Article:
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Celebrating women in the MJHL | Dana Warrener

Story by Dave Anthony

Dana Warrener – Athletic Therapist, Virden Oil Capitals.

Dana Warrener is the perfect example when it comes to someone doing whatever it takes to do something they love and be a success.

The Eddystone, Manitoba product went to school in Ste Rose du Lac and says getting into athletic therapy took quite a bit of work. “There weren’t really many options. I didn’t know what I was getting myself into, really. Throughout school, I loved to participate in or watch sports. Because it was a small town, I played every sport. I wasn’t the biggest fan of track and I wasn’t that great, so I kind of stayed away from that one. But I love sports. I took a lifeguarding course and fell in love with the first aid aspect. I wanted to interwind the massage and sports and first aid, that’s how I came up with athletic therapy. I just love every aspect. I just set my mind and went for it.”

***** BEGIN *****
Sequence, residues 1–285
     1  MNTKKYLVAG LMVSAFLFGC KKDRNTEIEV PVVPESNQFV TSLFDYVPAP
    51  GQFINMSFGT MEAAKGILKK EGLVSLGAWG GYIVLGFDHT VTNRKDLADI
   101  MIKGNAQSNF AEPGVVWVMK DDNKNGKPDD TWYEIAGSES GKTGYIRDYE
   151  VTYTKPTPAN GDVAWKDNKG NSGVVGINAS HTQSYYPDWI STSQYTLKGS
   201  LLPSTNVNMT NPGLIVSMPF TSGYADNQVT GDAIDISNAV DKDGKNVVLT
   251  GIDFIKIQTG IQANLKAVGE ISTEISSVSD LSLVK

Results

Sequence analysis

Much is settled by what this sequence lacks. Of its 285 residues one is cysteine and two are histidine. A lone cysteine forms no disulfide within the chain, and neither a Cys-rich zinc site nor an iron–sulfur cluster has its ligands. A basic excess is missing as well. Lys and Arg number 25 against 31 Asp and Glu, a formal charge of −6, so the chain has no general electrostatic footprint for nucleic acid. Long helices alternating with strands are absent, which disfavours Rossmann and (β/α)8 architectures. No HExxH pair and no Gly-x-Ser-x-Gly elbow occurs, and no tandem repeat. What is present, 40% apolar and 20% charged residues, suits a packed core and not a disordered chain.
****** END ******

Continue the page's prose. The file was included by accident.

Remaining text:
That’s an understatement. Dana laid it all out on the line to end up with the Oil Caps, as she explains how she found the job and the sacrifices she made to pursue her dream. “I saw a posting within one of my organizations and I applied. I sent in an email, but I didn’t expect to even be considered. I had just quit my job at Smitty’s and then I randomly got a phone call asking if I’d come down for an interview in Virden and that they’d meet me halfway, but it happened that I was going to be there for the rodeo that weekend. So, I interviewed, and it turned out very well. Within a week, I had uprooted my whole life. It was quite crazy. I found a place, sight unseen, moved in late at night… it was a crazy time.”